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By: Jastine Mae F.

Master in Public Administration
Knowing what feels good, what feels bad, and
how to get from bad to good.

It refers to emotional management skills

which provide competency to balance
emotions and reason so as maximize long
term happiness.
An ability or capacity to perceive, assess, and
manage the emotions of one's self, and of

The level of a person’s emotional intelligence,

often as represented by a score on a
standardized test.
The capacity for recognizing our own feelings
and those of others, for motivating ourselves, and
for managing emotions well in ourselves and in
our relationships. Emotional intelligence
describes abilities distinct from, but
complementary to, academic intelligence. (Daniel
Goleman, 1998)
Self Confidence
Interpersonal Skills
Social Competence

Reference: UnitedHealthCare “EQ vs IQ”

Being agreeable
Being optimistic
Being calm
Giving someone a hug

Reference: UnitedHealthCare “EQ vs IQ”

Emotional Competency
Emotional Maturity
Emotional Sensitivity
Tackling Emotional Upsets
High Self-esteem
Handling Egoism
Handling Inferiority Complex
Developing Others
Delaying Gratification
Adaptability and Flexibility
Understanding Threshold of Emotional
Improving Inter-personal Relations
Communicability of Emotions
 Is not afraid to express his/her feelings.
 Is not dominated by negative emotions.
 Balances feelings with reason, logic, and reality.
 Is independent, self-reliant and morally autonomous.
 Is not motivated by power, wealth, status, fame, or approval.
 Is interested in other people’s feelings.
 Is not immobilized by fear or worry.
 A time to speak and a time to be silent.
 Is emotionally resilient.
 Doesn’t take responsibilities for his feelings; but blames you or
others for them.
 Is insensitive to your feelings.
 Has no empathy, no compassion.
 Is insecure and defensive and finds it hard to admit mistakes, express
remorse, or apologize sincerely.
 Is a poor listener. Interrupts. Invalidates. Misses the emotions being
communicated. Focuses on “facts rather than feelings.”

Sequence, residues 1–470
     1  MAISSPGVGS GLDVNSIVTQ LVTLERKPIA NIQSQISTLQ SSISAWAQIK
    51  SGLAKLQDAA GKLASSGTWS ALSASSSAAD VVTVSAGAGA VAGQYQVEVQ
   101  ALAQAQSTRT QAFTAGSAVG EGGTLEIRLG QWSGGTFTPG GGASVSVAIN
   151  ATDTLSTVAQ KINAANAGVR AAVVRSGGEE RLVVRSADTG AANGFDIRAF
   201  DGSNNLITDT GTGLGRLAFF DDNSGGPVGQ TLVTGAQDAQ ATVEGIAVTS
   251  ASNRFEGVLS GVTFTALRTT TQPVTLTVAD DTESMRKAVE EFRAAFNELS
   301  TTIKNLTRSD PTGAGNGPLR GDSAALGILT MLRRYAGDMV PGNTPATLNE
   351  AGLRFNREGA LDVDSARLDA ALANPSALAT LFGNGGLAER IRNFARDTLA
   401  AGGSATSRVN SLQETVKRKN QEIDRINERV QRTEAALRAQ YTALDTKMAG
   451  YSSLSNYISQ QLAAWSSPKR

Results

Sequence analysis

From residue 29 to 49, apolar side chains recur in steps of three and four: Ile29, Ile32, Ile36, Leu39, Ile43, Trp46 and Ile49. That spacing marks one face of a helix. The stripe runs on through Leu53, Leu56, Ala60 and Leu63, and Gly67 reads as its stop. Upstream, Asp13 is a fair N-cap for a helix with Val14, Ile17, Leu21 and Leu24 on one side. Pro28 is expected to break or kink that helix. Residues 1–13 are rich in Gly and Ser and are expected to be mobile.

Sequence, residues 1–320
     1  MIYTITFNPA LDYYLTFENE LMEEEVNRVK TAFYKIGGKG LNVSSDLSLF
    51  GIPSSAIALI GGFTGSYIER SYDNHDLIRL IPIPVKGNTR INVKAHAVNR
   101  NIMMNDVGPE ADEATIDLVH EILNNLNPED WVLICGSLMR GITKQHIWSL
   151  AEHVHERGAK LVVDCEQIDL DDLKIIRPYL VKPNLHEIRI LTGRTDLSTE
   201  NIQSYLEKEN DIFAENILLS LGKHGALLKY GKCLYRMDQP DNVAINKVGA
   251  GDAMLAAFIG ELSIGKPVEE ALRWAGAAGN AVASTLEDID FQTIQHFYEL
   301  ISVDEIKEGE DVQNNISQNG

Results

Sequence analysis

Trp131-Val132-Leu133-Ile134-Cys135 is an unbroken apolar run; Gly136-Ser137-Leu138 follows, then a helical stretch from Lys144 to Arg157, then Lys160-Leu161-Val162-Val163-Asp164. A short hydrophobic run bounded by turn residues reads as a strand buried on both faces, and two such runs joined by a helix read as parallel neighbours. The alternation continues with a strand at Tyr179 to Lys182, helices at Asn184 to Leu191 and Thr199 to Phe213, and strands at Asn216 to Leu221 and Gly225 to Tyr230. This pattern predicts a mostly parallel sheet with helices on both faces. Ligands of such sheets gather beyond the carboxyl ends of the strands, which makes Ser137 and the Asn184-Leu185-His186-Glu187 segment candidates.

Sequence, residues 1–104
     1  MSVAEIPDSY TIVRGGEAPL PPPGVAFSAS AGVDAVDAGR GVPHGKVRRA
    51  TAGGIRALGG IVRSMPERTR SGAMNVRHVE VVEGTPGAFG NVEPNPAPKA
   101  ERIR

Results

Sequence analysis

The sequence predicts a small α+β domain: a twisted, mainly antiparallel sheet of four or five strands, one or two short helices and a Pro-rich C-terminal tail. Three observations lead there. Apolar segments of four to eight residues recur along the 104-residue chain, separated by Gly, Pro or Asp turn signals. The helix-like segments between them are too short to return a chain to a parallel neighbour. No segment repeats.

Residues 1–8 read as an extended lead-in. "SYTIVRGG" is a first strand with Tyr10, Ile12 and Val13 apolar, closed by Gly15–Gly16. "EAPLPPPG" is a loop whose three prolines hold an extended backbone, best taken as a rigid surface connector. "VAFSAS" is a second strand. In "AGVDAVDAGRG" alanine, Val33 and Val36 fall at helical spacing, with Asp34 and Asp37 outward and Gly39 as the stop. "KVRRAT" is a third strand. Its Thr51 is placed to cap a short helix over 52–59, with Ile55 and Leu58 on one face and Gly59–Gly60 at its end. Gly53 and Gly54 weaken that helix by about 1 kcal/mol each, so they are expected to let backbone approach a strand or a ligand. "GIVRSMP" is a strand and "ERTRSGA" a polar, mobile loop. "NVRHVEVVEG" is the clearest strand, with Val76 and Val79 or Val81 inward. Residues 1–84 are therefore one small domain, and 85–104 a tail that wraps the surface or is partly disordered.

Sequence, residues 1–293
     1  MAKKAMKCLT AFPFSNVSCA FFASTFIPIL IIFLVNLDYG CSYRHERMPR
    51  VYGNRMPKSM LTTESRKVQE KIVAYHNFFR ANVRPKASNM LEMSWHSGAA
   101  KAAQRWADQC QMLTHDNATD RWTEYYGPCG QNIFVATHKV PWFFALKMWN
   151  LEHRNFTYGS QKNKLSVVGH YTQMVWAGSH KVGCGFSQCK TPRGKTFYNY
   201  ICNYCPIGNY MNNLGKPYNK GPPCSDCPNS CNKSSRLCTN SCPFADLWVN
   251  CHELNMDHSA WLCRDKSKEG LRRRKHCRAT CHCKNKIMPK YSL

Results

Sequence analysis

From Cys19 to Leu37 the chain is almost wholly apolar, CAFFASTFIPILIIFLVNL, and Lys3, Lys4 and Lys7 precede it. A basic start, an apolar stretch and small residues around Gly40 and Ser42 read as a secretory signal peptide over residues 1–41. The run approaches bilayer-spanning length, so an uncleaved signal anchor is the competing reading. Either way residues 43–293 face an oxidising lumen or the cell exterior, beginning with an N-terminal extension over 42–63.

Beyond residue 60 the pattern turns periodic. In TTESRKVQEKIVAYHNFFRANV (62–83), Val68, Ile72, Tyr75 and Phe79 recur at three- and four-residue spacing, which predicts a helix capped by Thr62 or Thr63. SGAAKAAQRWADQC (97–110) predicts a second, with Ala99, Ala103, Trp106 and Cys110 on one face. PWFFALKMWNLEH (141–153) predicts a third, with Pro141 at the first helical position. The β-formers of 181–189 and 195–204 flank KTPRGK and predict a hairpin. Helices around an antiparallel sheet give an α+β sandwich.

 Does not consider your feelings before acting.

There are differing perspectives on whether

EQ or IQ is more important. Those in the EQ
camp say "A high IQ will get you through
school, a high EQ will get you through life."
Helps you succeed at job Helps you get in the door

Measure of ability to use your emotions and Measure of ability to learn or understand
logical skills

Trying to convince someone by reasoning Trying to convince someone by facts

Understanding and managing emotions and Being at the mercy of emotions because you
using them for good reasons don’t understand them

Heart Smart Book smart

Gets you through life Gets you through school

Reference: UnitedHealthCare “EQ vs IQ”
 Knowing one’s own emotions
 Recognize and name emotions you feel; understand
why you feel that way; and distinguish between
feelings and actions

 Motivating oneself
 When considering how to productively harness
your feelings, practice some emotional self-control
and delay gratification
Reference: UnitedHealthCare “EQ vs IQ”
 Recognizing emotions in others
 Be sensitive to other people’s feelings and listen well

 Managing emotions
 Accept your feelings, but find a balance between
over sensitivity or over expression and emotional

Reference: UnitedHealthCare “EQ vs IQ”

 Handling relationships
 Being perceptive, applying conflict
management skills instead of ignoring conflict,
and being considerate and cooperative

Reference: UnitedHealthCare “EQ vs IQ”

Reference: UnitedHealthCare “EQ vs IQ”
 Your EQ has more to do with your
success and happiness in life than your
IQ and it can be learned.

 It is very important to understand

that emotional intelligence is not
the opposite of intelligence, it is not
the triumph of heart over head -- it
is the unique intersection of both .

Reference: UnitedHealthCare “EQ vs IQ”

 It is not just technical and analytical abilities
(IQ) that makes one successful.
 To be successful in life, you need a combination
of EQ and IQ.
 And here is the great news; EQ (unlike IQ) can
be developed!

Reference: UnitedHealthCare “EQ vs IQ”